Last month we went to Larmer Tree Festival and had such a great time. We were really lucky with the weather which does make a difference when you are at a festival, they just aren’t quite the same in the rain but it’s always a risk in this country even in the middle of summer.
It’s a great festivals to take children to and has won awards for being family friendly. Here are some reasons why it’s great for families as well as why it’s great for parents too 😉
The peacocks and macaws. Most kids love animals, I know mine do, and peacocks or macaws aren’t usually something that you see everyday but Larmer Tree Gardens is home to rather a few of them. The peacocks are usually found by the cafe and they like to go up on the roof of the building too. The macaws can usually be heard before flying overhead.
Great kid’s area with a really reasonably priced cafe to feed them.
Festivals are a slightly different experience when you have children and having a good area for them suddenly becomes a lot more important than having a good all night party tent. The kid’s area here includes a big tent for changing nappies, this is where baby massage sessions were also held. They also had a nursery tent, two performance tents and a craft tent. As well as face painting, an essential for all children at a festival 😉
They had a number of craft activities going on such as turning big boxes into robots for the parade on the Sunday and decorating these totem polls for the lawns. Cherry decided after the effort of making hers she didn’t want to leave it though so she ended up carrying it around instead!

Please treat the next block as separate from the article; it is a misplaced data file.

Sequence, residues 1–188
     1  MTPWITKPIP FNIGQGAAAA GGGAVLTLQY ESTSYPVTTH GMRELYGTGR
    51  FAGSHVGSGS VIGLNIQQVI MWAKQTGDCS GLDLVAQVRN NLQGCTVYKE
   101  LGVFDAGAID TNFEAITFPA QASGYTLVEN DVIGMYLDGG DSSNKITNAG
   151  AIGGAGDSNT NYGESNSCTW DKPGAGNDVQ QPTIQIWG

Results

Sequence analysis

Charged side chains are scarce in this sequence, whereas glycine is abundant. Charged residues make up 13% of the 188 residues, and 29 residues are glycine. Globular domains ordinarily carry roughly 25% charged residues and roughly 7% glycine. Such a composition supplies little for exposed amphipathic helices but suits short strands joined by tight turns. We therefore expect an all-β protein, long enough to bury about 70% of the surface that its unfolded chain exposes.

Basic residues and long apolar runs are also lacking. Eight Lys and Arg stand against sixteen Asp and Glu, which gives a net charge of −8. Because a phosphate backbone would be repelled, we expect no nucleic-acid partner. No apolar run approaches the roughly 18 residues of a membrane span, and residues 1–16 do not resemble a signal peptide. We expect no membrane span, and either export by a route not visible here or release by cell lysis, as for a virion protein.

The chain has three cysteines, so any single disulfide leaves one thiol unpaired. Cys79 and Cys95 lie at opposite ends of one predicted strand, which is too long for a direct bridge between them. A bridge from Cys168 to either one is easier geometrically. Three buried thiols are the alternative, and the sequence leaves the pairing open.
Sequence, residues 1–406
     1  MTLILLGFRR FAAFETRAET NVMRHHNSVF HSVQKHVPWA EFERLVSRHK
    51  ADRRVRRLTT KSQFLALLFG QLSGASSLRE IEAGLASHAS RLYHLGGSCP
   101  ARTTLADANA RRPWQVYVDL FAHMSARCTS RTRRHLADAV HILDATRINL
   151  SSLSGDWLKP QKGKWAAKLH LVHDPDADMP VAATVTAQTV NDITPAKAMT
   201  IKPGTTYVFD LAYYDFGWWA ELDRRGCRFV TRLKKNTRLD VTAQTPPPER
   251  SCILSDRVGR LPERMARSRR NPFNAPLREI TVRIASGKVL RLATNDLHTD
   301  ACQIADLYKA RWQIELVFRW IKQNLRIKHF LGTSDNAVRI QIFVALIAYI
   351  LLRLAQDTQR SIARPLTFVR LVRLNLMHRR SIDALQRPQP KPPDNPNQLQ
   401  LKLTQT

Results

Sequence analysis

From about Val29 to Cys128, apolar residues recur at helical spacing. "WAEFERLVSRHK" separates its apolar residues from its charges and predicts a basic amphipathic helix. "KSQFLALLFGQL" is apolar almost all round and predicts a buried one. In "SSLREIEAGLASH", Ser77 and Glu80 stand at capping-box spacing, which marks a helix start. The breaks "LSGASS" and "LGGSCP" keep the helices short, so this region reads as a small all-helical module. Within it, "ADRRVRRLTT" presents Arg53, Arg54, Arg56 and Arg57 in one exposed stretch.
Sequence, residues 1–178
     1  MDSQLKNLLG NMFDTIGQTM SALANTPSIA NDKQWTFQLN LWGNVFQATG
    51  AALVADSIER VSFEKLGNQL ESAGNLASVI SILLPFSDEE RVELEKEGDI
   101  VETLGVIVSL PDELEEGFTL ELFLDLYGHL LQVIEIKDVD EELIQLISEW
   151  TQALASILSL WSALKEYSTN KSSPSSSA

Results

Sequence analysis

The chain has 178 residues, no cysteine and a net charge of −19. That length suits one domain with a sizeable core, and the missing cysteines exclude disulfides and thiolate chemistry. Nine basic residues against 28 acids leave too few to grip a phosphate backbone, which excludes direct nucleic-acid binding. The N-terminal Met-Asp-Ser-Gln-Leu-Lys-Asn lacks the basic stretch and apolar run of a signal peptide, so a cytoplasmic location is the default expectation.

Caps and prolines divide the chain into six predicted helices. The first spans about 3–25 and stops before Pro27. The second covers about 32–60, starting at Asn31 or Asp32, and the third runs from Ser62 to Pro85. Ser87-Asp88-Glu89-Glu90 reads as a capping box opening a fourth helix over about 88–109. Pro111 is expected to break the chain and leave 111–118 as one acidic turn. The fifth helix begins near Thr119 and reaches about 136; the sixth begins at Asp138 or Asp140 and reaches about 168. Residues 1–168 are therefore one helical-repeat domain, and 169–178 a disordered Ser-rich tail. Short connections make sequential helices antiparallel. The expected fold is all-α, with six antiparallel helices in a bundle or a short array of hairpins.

They also had other activities outside like these chalkboards.
Another huge plus point to the kid’s area was the cafe there called The Knitted Pig. They sold food for kids and the prices were so good, they even sold Tiger’s favourite – pasta with pesto. It was £2.50 a bowl which wasn’t bad at all. Feeding a family of four at a festival can be really expensive so this was where we brought the kids to eat. They also sold toasted sandwiches, hot dogs and tomato pasta all made with good quality ingredients. They also had a huge range of yummy cakes catering for all dietary requirements, dairy free / gluten free / sugar free as well as completely raw. They had proper tables really low down with benches or cushions to sit on as well as a selection of toys so it was perfect for little people.
There are proper buildings. The festival is held in the Larmer Tree Gardens which mean that it doesn’t feel quite as going back to basics as it does when you are festivaling in fields. If you wanted to you could even go and have a cup of tea in the cafe there and possibly use their toilets although I didn’t try this so they might not let you!
The Lost Wood. This was my favourite area, hidden in the trees were all kinds of magical places. They had music in there at night too.
Weird and wonderful things to discover everywhere. When walking around the main area we saw people with plant pots of heads and a man dressed up as a nun driving around on a moving piano raving to music. The Lost Wood was full of weird and wonderful things to look at too such as lampshades in trees…
And these random doors which played music!
There were also sofas that had been pulled up in the trees in the main area too.